The component-sized Arcam FMJ T32 tuner is a product designed for the hardcore radio enthusiast. It’s expensive, heavy and doesn’t have integral speakers, but it delivers incredible audio quality, easily the best of any of the first-release batch of digital radios released in Australia.
With gold-plated connectors, a Wolfson 8740 digital-to-analog converter and high performance preamps, the Arcam FMJ T32 is designed to deliver audiophile-quality output. And that it does. On good-old FM radio it picked up details that made most other tuners sound muddy in comparison. The difference between the Arcam and less expensive devices was less evident when it came to digital radio, but it still delivered the cleanest sound of any device tested.
It’s a device that could make better use of the features of digital radio, however. Setting it up initially is a process best described as arcane, with indecipherable button labels and a tuning process that was slower than most. The small display is not large enough to show off much textual information associated with DAB+ broadcasts, and storing presets can be a little fiddly. Indeed, DAB+ support seems almost tacked on in the Arcam, which is disappointing.
It comes with a universal CR90 remote control that’s designed to manage your entire fleet of Arcam devices, not just the T32 – so it’s rather more complicated than it needs to be. It also has two pairs of stereo RCA outputs, making it suitable for multi-room use, and there’s also an RS232 control socket, which can be technically used to remote control external audio devices (such as iPods) connected to the input audio jacks. Arcam actually offers an iPod dock add-on that uses this socket, and allows you to use the T32 to play back audio from the iPod.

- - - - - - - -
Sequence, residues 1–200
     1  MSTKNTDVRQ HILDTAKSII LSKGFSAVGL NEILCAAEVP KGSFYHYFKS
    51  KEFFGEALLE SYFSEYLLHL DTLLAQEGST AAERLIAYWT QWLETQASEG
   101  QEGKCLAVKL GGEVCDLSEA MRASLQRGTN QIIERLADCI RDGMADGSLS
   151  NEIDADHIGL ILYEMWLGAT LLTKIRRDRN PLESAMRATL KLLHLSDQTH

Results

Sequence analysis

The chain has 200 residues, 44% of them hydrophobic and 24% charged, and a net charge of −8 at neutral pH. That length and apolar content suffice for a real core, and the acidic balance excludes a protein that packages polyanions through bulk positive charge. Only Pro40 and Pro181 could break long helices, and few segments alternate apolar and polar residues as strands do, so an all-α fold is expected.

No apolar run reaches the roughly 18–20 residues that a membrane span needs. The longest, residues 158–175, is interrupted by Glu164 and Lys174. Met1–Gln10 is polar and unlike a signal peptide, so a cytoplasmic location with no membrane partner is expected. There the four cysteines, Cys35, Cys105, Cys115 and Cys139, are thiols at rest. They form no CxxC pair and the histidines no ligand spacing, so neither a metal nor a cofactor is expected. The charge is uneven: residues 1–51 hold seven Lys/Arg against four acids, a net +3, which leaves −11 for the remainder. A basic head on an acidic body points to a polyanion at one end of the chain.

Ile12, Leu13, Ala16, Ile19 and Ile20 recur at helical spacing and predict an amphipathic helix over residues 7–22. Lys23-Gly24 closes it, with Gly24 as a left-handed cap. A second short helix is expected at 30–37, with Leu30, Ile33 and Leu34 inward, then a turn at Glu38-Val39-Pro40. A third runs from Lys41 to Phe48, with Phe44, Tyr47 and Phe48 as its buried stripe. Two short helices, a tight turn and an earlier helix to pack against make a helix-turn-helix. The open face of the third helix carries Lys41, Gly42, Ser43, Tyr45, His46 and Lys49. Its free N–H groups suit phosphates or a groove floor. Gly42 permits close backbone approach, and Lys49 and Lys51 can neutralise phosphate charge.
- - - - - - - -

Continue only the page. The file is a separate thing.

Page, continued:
If you’re looking for the very best sound from your radio, it’s hard to overlook the Arcam. However, its digital radio features are sadly limited, and for this reason it’s a little hard to recommend it in a roundup of digital radio tuners. We’re hoping that in the near future Arcam will develop a device that will take the unique capacities of digital radio into account – timeshifting, recording, associated text information – giving us the opportunity to listen to near-perfect audio with the full feature set that DAB+ makes possible.